That day and in the days following, we watched television news reports that were airing without commercial interruption. I teared up as I saw images of the beautiful Opryland hotel, now a virtual swimming pool. It wasn't just that some of our most beloved landmarks were now under water, it was the memories I have tied to them that stung the most. This is where Rob and I had our first date.

The Grand Ole Opry took on water. The place where I sat in the audience and watched Willie and Waylon and many others legends, and got chills because, "Wow, I'm at the Opry having this moment."

This is the go-kart track that is among Will's favorite places in the world. Just last summer, I stood on the sideline waving to he and Rob as they sped around the track. Will smiling with the biggest grin I've ever seen, and me snapping away with my camera trying to capture the moment.

But the most gut wrenching images were these. People's homes destroyed. Families left with no where to live. You could drive around and look at their lives sitting on their front lawns. Their memories and treasures scattered around in the grass, wet and dejected. Most do not have flood insurance to cover the damages. We didn't know we needed it. Tennessee never floods, right?

So, we're rebuilding, and moving on, and pulling ourselves up by the bootstraps. We're helping our neighbors, we're donating our time, we're opening up our homes, and we're giving what we can. And when I say we, I mean, Nashville. Because that's just what we do here. I don't know what has been more incredible to witness, The Rain That Changed Our City or The People Of This City Who Cannot Be Changed By The Rain. I'm proud to be a part of it all. Proud to be a member of this community.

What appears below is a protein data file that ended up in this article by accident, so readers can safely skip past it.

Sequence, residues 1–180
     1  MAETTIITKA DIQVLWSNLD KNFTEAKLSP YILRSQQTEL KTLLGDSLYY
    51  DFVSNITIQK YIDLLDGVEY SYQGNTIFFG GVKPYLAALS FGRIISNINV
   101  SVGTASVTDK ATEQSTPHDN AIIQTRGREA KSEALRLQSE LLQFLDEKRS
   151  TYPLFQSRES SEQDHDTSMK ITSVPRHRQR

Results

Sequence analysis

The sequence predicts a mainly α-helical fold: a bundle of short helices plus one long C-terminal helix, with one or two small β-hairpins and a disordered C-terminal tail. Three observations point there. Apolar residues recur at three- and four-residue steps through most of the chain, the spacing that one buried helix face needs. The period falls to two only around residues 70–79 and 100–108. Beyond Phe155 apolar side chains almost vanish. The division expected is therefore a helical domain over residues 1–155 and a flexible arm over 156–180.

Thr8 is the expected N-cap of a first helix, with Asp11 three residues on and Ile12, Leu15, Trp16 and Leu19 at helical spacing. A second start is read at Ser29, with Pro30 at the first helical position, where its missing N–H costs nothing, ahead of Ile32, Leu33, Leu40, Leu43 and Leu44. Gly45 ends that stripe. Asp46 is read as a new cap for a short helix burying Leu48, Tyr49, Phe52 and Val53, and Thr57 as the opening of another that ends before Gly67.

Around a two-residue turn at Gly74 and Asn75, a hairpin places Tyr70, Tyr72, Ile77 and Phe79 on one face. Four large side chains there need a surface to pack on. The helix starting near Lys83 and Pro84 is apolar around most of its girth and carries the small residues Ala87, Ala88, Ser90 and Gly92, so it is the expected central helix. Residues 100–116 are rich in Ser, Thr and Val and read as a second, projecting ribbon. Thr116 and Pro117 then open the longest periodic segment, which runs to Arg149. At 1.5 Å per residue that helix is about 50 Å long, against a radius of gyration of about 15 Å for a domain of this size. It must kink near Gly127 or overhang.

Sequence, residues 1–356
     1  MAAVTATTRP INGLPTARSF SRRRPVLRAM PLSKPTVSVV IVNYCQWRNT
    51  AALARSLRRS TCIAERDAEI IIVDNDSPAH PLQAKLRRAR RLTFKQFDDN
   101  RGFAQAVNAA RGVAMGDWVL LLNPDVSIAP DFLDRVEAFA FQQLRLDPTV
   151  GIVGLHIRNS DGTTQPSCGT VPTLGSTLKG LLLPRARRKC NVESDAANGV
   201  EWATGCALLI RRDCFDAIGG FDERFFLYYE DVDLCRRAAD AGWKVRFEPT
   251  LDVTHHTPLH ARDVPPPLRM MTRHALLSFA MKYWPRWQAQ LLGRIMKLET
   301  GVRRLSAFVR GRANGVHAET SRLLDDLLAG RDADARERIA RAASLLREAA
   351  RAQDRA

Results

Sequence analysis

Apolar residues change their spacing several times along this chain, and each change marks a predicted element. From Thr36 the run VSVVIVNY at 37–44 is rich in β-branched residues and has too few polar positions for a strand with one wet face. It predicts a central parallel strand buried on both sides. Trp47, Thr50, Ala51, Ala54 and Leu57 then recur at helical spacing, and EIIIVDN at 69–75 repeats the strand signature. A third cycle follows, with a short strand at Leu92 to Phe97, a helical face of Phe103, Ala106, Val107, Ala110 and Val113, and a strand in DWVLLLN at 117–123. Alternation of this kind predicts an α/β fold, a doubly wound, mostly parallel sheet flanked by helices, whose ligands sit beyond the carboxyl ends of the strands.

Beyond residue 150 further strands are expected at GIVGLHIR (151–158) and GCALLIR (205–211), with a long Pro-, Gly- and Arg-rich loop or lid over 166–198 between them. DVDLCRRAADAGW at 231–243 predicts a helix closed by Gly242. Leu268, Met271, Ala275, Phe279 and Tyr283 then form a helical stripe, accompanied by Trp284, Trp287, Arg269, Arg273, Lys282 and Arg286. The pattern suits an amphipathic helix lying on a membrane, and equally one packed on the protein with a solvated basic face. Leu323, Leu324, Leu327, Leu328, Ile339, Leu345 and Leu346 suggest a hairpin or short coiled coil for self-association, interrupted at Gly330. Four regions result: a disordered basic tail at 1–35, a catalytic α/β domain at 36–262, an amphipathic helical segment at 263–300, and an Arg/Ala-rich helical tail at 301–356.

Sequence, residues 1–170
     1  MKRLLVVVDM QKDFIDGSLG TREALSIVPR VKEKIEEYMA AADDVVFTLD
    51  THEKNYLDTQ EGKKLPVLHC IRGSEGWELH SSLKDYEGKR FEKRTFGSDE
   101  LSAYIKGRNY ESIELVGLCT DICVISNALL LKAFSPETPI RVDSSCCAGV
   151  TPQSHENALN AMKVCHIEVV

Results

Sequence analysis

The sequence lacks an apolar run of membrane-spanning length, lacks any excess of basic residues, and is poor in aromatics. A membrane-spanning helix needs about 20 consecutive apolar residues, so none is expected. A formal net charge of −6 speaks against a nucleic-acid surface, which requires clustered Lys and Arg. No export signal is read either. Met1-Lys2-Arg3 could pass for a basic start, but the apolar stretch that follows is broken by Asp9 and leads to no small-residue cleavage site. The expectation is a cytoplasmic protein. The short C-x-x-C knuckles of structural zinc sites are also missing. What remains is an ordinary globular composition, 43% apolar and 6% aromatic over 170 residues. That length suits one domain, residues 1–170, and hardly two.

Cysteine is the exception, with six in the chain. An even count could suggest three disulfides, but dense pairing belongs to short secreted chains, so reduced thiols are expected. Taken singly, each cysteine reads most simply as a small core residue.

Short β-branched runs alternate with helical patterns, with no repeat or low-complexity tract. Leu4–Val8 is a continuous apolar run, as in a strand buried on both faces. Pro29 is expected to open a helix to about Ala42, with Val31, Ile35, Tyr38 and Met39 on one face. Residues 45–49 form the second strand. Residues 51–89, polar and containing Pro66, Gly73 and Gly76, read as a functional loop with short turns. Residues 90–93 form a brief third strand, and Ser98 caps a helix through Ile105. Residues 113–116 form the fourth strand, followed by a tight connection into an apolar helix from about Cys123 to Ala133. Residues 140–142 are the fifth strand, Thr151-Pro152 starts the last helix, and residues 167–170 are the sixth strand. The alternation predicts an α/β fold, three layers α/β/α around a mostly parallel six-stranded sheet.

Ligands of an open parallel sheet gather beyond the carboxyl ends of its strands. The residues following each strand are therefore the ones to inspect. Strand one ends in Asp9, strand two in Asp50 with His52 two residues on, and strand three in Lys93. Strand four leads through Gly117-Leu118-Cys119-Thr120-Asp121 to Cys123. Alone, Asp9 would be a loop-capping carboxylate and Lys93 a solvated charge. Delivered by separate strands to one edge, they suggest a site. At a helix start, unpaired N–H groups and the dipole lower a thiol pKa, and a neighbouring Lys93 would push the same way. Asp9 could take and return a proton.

It is going to take time, work, money and lots more sweat and tears to get back to where we were. But we will do it. And we'll be the better for it.

My family and I have been blessed beyond belief. We still have our home. We still have our family and our friends and a job to go to every day. Some do not. And as saddened as I am by that reality, when I lay down next to my kids every night, and breathe in the sweet smell of their shampoo, I find my safe place, all is right with the world.

May you all find your safe place to land,

Opportunities to help:
Hands on Nashville
Middle TN Red Cross
Nashville Flood Relief

**Disclaimer** Many of the images above were not photographed by me. There was an incredible group on Facebook than banned together to share information and images with each other, and this is where I pulled those images. If you would like to see all of the photos, go here.

1 comment:

  1. I now have a lump in my throat the size of TX. I was never more scared or proud to be living here than I was the first days of May. Thanks for writing this.